DiPP Methodology

Set forth below is important information about the methodology of the DiPP tool. Please read this carefully before using the DiPP tool to help you understand how it works and the limitations of its approach and results.

The DiPP tool assembles metrics related to the Disclosure, Planning and Performance of greenhouse gas (GhG) emissions for portfolio companies included in several public equity funds’ portfolios. The DiPP tool is only one tool intended to help users assess the performance of the selected funds in managing and reducing GhG emissions in their portfolios. Users of the DiPP tool should be aware that it does not consider the size or weighting of fund investments in portfolio companies. It also does not account for environmental factors apart from GhG emissions or address any other ESG considerations.

Metrics in the “Perform” section are based upon complex data that is often incomplete or not current. To generate these metrics the DiPP tool uses multiple sources of data and often makes assumptions about that data. When complete and current data is not available, the DiPP tool uses simplifying assumptions, comparable company data or other data to make a best effort approximation of the missing data. This approach skews the results of the DiPP tool in several ways, some of which are outlined below. Further, the “best available” data may be of limited quality and its linkage to GhG emissions may be uncertain. Finally, when showing data in the “Perform” section related to a portfolio’s historical GhG increases or reductions, only Scope 1 and Scope 2 emissions are included.

The DiPP tool should not be the sole basis of a decision to invest in or exit any fund. Please be sure to carefully consider the prospectus or other offering document for any fund before investing. Carefully consider in advance the risks of any investment. Consult with your professional investment, legal, and tax advisers.

What are the Paris Agreement and the 1.5°C Pathway?

Since the industrial revolution ushered in the large-scale use of fossil fuels, greenhouse gas (GhG) emissions into the atmosphere have increased dramatically, leading to a rise in average global temperatures of 1.1°C compared to pre-industrial levels (NASA). This warming has begun to impact climate stability with damaging consequences (e.g., rising sea levels, drought, wildfires, increase in frequency and severity of storms), and poses a material risk to not only the environment but to society and the global economy.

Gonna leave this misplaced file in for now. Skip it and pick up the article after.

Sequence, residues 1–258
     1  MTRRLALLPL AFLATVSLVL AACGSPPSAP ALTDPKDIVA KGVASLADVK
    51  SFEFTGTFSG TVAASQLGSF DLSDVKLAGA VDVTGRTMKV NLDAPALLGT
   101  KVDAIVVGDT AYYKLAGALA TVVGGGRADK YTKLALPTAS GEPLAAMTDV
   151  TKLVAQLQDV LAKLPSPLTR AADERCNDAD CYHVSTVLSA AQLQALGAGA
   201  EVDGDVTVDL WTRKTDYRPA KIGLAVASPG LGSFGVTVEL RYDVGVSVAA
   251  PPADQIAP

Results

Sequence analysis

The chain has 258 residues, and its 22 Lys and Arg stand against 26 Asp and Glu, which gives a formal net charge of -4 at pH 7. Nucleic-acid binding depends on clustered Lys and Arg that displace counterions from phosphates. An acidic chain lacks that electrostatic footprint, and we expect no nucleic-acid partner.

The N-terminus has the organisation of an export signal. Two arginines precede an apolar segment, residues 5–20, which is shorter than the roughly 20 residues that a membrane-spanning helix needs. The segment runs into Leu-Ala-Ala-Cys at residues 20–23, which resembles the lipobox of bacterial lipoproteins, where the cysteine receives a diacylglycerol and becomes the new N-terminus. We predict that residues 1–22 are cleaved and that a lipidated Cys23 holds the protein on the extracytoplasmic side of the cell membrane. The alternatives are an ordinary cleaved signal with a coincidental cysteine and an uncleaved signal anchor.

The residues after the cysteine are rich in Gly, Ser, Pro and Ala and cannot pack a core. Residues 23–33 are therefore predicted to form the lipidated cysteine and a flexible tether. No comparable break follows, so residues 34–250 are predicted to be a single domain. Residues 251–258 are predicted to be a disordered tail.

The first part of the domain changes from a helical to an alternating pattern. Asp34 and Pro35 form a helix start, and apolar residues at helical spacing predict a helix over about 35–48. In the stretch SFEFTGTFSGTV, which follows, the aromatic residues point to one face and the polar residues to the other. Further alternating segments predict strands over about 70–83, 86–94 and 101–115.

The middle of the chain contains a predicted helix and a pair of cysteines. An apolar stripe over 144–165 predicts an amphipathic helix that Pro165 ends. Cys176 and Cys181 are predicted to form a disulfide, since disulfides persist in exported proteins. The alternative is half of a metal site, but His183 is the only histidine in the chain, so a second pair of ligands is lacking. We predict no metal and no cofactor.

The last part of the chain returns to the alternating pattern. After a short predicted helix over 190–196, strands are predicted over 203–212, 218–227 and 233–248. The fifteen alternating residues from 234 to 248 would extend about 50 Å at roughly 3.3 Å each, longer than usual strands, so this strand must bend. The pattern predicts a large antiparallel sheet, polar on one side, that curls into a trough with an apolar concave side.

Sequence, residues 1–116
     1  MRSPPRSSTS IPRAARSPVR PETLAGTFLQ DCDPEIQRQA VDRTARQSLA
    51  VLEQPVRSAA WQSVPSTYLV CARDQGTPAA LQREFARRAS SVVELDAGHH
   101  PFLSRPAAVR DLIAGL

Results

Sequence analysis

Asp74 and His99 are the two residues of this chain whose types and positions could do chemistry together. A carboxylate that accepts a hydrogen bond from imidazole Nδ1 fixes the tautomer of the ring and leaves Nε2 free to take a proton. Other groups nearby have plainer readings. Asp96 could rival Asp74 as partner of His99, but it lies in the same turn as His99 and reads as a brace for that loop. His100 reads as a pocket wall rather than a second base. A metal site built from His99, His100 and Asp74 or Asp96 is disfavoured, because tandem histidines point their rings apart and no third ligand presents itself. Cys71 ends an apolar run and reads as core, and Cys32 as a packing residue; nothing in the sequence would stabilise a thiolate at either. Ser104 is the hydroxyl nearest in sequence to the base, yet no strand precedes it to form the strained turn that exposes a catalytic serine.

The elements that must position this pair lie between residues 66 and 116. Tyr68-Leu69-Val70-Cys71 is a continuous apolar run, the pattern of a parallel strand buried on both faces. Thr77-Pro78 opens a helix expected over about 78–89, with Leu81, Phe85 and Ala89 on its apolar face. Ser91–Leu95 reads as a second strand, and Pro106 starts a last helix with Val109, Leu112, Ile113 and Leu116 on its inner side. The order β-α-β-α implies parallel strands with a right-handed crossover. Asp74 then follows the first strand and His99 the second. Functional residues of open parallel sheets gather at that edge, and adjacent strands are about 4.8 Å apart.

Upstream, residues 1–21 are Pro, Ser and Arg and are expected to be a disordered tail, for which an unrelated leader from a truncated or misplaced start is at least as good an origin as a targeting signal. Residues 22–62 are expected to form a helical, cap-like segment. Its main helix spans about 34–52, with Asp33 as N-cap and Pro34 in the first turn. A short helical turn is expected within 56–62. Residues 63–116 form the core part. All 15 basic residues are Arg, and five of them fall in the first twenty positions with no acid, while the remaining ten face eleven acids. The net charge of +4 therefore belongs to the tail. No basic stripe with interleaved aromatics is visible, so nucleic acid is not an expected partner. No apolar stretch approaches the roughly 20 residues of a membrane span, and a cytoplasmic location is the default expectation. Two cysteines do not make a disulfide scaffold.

In 2015, 196 countries came together to sign the Paris Agreement, a legally binding international treaty on climate change with the goal to “limit global warming to well below 2°, preferably to 1.5°C” compared to pre-industrial levels in order to mitigate the most severe consequences of climate change.

Despite the commitments made under the Paris Agreement, Global GhG emissions have increased since 2015, with their seemingly inexorable rise interrupted only by the Covid pandemic in 2020. In order to have been in line with the 1.5°C pathway, GhG emissions would have needed to decline at a rate of at least 4.2% per annum from 2015. Each year that we do not meet this required annual reduction will require more significant emissions reductions in future years. Therefore, there is enormous urgency for companies across industries and geographies to take immediate and concrete actions to reduce their emissions.

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How did you select the funds analyzed in the DiPP tool?

The funds available in the DiPP tool, in addition to Sargasso Environmental and “Green Universe,” were identified following the process outlined below.

A list of “Environmentally Friendly” funds was established using primarily the fund screening tool (FSRC) on Bloomberg. The following parameters were used:

Data Parameters General Guidelines
Fund Type Market Status = Active
Fund Primary Share Class = Yes
Fund Asset Class Focus = Equity
Asset Class Allocation Equity >= 80%
Fund Type = Either Open-End Fund or SICAV
Fund Actively Managed <>No
Ruled out passive strategies based on Bloomberg description (e.g., tracks the “S&P 500” index)
Total Number of Holdings in Portfolio = <200
(in order to exclude funds that are effectively “passively managed”)
Fund Domicile Either United States, Luxembourg, or Ireland (global top 3 fund domicile markets)
Fund Strategy General Attribute = Environmentally Friendly
Strategy primary focus is sustainability (including environment, ESG) based on Bloomberg description. Funds with narrow sector or business focus were excluded (e.g., water or agri-specific funds were excluded)
Fund Geographic Focus = Either global or international
Holdings Data Update frequency and availability Only funds that report their holdings 1) publicly, or 2) specifically to Bloomberg at least on a quarterly basis with holdings data available online ~60 days after the quarter close
  • From list of “Environmentally Friendly” funds that came through this screening process, the top four as measured by assets under management (AUM) were selected for inclusion in the DiPP tool.
  • The next four largest funds were selected for inclusion, with the added criterion that they are or have a related fund that is a mutual fund or other fund registered in the United States under the 1940 Act. This criterion was added to help include funds that could be readily accessed by US investors.
  • Finally, an additional two funds that are well-known and are commonly referenced in the marketplace were included: Parnassus Core Equity, and Generation Investment Management. Generation Investment Management’s holdings were based on the firm’s overall holdings as derived from its 13-F filings.